Absent Father Thoughts

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I have always been quite open about my experiences growing up in relation to my father. That is, I have never hidden the truth from anyone that asked, and I have never shyed away from telling people anything they asked. I hope that I’ve always been fairly mature about it – aside from temporary feelings of hurt, anger or anxiety about the situation, I’ve always been a matter-of-fact type of girl and tried to stay away from any kind of ‘blame game’ for the way things turned out.

If you go online and type into Google, as I have done in the past, ‘absent father’ or something of similar ilk, you’ll get literally thousands and thousands of sites full of people giving their stories of the impact of not having a father in their life – usually full of hurt and resentment. Absent father, here, meaning one that chose, for whatever reason, not to be an active part of their childs growing up.

There is no denying, that no matter the support you may have from other male role-models in your life, that there is a ‘dad’ shaped hole in all of us. And if you’re lucky, you have a present and fantastic father to fill that hole. If you’re unlucky you haven’t had your father fill that hole – but you may have been fortunate enough to have other men in your life to fill some of that void. Although, like a jigsaw puzzle, it might look like the right piece and have all the right detail – it doesn’t quite fit.

There are things, undeniably, that children (specifically daughters, because I can’t really speak for sons!) without fathers playing an active part in their lives miss out on. And although people try and list these things, ultimately we’ll never really know what we could have learnt, or who we could have been with the input of our absent dad.

I think it took longer than I ever realised to stop blaming myself for the missing dad in my life. I always felt if I’d been a little better behaved, a bit more likeable, perhaps a little less ‘whiney’ then things would never have worked out how they did. But as I grew up, and as I became an adult, and some wonderful people gave me their insight into the situation I came to realise one really key thing, which I cling onto now when I need to:

I was the child, and he was the adult.

And although that sounds like blame, it isn’t. It’s recognition that I could have been the most wonderful child in the world, I could have never have put a foot wrong and always done precisely as I was told. I could have been the happiest, funniest, most brilliant little girl in the whole of the world – but I couldn’t have done anything about what happened because I was just a child.

What happened, simply happened. Situations happen and things and people change.

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It is sad that I was absolutely not a minority in my situation as a child. In 2013 the Daily Mail posted this article on their website. The shocking fact? 129,000 fathers do not have contact with their children. That’s 129,000 children in 2013 who were carrying around a lot of confusion about why they weren’t good enough to have a present dad in their life.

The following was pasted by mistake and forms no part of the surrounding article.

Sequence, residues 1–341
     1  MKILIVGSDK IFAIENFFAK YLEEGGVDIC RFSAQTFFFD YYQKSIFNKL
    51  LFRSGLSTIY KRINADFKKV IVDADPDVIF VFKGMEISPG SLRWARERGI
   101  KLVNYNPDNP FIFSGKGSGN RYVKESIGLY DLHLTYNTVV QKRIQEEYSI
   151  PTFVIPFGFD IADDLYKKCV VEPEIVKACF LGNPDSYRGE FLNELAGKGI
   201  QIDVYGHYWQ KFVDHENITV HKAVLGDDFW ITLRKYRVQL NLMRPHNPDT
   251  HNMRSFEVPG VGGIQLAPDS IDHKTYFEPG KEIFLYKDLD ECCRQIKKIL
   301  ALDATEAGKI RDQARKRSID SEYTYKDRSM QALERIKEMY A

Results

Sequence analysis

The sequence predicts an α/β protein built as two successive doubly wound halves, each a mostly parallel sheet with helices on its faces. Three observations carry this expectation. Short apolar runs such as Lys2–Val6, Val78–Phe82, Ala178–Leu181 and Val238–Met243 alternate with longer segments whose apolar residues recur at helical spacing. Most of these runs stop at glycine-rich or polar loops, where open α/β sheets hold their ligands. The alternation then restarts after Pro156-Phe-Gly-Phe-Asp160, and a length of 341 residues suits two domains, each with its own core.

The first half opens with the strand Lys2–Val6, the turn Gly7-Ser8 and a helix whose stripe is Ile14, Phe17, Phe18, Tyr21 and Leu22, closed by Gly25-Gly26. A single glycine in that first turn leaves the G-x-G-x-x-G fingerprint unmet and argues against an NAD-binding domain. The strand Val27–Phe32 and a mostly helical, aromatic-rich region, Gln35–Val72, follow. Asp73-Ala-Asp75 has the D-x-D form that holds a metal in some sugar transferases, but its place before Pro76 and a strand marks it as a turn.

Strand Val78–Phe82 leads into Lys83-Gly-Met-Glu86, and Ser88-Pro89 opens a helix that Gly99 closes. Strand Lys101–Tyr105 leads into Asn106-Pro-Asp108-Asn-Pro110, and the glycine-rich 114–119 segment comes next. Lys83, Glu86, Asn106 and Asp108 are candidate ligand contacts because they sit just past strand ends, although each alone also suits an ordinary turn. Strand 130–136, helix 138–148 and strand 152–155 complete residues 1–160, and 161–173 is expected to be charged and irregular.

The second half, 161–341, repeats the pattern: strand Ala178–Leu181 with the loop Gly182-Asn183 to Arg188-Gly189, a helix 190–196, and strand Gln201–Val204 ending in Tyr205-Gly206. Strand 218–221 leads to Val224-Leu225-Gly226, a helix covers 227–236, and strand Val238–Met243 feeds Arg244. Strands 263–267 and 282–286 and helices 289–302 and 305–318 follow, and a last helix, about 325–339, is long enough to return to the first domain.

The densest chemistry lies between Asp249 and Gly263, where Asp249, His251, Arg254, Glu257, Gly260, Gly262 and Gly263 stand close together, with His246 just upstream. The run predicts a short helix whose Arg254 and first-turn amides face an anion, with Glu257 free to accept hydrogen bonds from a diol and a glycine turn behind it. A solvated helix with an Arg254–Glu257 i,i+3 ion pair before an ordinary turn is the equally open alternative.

And what would I say to those 129,000 if I had the opportunity? It was never your fault, it was never something you did or didn’t do. If you’re hurting, work through it and ultimately you have to forgive – or it’ll pull you under. Other people may have dictated the situation as it is now or as it was when you were a child, but they don’t have a hold on how you react from here on. Write a letter – send it, burn it, do what you have to to find yourself some peace.

If you need to talk about how you feel then find someone. Preferably someone completely removed from the situation who you can be honest with and trust and respect their opinion. Someone who tries to see the whole picture and not just your side of the story. There is baggage that comes with not having a dad in your life, and there are feelings that you have which are as a result of that situation. Talk them out and realise them so that you can accept them and, when they resurface, fight them off. Because that little voice that says, in some way, you’re not good enough? It’s rubbish.

I am not sure what happens from here on in for me. I am well into adult life now and so I can dictate and take control of the situation as I see fit. So far, I’ve opted not to do anything and let things run their course. My dad has always been in the background with Christmas and Birthday cards. He was present at my baptism and my wedding day watching on from the background, which was important for me knowing that, actually, he still doesn’t want to miss those moments.

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I have two distinct memories of my dad – polar opposite memories. I have the day I was dropped home after a weekend visit and was not going to go back anymore. There was a lot of arguing. And I have a memory of learning to tie shoelaces with him. I can’t have been very old, and I can’t be sure I actually got the hang of it but that’s something I’ll always have as a sweet memory of the two of us.

I’ll always be grateful for the positive influences other men have had in my life, in trying to fill that gap. And I’ll always be forever grateful for a Christian faith and a Father God that kept me routed and grounded without getting too lost in the confusion of growing up – that kept me ‘normal’. A faith that somehow, amazingly, gave me perspective and never allowed me to dwell for too long on what could have been a negative and unhappy outlook but continually gave me strength to carry on.

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